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Abstract: TH-PO208

Phosphate Binders for Preventing and Treating CKD-Mineral and Bone Disorder (CKD-MBD)

Session Information

Category: Bone and Mineral Metabolism

  • 402 Bone and Mineral Metabolism: Clinical

Authors

  • Palmer, Suetonia, University of Otago, Christchurch, New Zealand
  • Ruospo, Marinella, Diaverum, Bari, Italy
  • Natale, Patrizia, Diaverum, Bari, Italy
  • Vecchio, Mariacristina, Danone research, Palaiseau Cedex, France
  • Strippoli, Giovanni F.M., University of Bari, Bari, Italy

Group or Team Name

  • Cochrane Kidney Transplant
Background

Phosphate binders are used to reduce positive phosphate balance for people with CKD to prevent tissue calcification, cardiovascular events and mortality, and bone complications. In this Cochrane review we aimed to update the available evidence for phosphate binders to manage CKD-MBD.

Methods

We searched the Cochrane Kidney and Transplant Specialised Register through 30 November 2017 for all randomized trials (RCTs) of adults with any stage of CKD comparing a phosphate binder with another phosphate binder, placebo or usual care. Key outcomes were cardiovascular events, all-cause and cause-specific mortality, symptomatic bone disease, adverse events, and surrogate measures of vascular calcification. We used random-effects meta-analysis, the Cochrane risk of bias tool, and the GRADE process to adjudicate evidence certainty.

Results

104 RCTs (13,744 adults) were eligible. Placebo-controlled RCTs were generally in CKD G3-5 not requiring dialysis, while active comparator RCTs involved CKD 5D on dialysis. In CKD 3a to 5, compared with placebo or usual care, sevelamer, lanthanum, iron, and calcium-based phosphate binders had uncertain effects with respect to all-cause and cardiovascular mortality, myocardial infarction, stroke, fracture, or coronary artery calcification. In patients on dialysis, sevelamer may decrease all-cause mortality (RR 0.53, CI 0.30-0.91; low certainty evidence) and induce less hypercalcemia (RR 0.30, CI 0.20-0.43) compared with calcium-based binders, while the evidence indicates that sevelamer had uncertain effects with respect to cardiovascular mortality, myocardial infarction, stroke, or fracture, coronary artery calcification, or fracture. Compared with calcium, lanthanum had uncertain effects with respect to all-cause or cardiovascular mortality, myocardial infarction, stroke, fracture, or coronary artery calcification.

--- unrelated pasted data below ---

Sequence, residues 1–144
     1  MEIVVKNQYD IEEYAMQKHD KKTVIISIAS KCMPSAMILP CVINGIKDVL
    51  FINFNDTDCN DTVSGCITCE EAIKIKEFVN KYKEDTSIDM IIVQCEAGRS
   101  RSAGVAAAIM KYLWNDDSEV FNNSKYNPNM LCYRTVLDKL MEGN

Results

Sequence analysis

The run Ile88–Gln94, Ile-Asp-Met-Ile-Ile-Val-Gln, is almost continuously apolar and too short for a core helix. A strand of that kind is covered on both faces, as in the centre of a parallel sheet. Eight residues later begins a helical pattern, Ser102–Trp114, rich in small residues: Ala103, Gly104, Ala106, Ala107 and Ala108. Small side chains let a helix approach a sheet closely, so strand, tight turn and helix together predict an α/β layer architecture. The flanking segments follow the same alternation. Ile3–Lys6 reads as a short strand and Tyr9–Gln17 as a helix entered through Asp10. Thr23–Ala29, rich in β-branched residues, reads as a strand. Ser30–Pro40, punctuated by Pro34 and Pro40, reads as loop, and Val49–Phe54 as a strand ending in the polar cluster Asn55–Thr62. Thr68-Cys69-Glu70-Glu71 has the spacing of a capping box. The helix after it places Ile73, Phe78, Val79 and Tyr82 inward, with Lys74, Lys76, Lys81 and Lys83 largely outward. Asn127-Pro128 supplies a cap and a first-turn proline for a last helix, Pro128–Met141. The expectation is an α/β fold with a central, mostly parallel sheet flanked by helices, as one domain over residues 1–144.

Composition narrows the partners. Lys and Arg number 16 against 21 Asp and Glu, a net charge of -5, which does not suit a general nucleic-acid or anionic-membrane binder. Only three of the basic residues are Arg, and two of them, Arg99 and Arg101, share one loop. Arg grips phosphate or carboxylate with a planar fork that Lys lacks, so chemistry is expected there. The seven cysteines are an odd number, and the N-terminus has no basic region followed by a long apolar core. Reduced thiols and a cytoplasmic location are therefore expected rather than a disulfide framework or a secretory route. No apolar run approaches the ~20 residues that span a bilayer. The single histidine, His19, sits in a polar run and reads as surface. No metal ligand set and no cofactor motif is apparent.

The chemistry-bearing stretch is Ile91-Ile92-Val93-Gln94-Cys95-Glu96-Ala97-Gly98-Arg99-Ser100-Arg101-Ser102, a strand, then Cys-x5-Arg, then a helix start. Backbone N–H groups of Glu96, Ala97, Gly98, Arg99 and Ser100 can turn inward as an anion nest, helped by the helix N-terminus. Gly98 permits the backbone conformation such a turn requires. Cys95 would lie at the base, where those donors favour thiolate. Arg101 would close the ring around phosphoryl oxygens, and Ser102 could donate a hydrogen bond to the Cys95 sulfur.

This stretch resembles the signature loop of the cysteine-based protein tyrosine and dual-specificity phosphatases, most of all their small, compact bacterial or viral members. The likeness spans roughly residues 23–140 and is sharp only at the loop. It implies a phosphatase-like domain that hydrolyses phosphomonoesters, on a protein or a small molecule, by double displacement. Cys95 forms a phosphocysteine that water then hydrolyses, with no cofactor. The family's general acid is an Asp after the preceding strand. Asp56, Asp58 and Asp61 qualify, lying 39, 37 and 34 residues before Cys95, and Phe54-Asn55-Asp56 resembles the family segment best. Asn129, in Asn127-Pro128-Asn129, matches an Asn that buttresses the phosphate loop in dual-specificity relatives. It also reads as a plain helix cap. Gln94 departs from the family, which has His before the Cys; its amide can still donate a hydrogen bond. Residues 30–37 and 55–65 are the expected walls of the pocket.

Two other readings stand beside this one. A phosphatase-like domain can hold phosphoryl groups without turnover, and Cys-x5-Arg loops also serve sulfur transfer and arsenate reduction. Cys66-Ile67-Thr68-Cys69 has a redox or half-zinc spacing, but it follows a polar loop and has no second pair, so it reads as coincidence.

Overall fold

Conclusion

For patients with CKD G3a to 5 not requiring dialysis, there is no evidence that phosphate binders improve clinical vascular and bone outcomes. For dialysis patients, sevelamer lowers all-cause mortality compared to calcium-based binders and incurs less treatment-related hypercalcemia. Data for patient-centered outcomes of lanthanum and iron-based binder treatment and placebo-controlled trials in the dialysis setting are limited.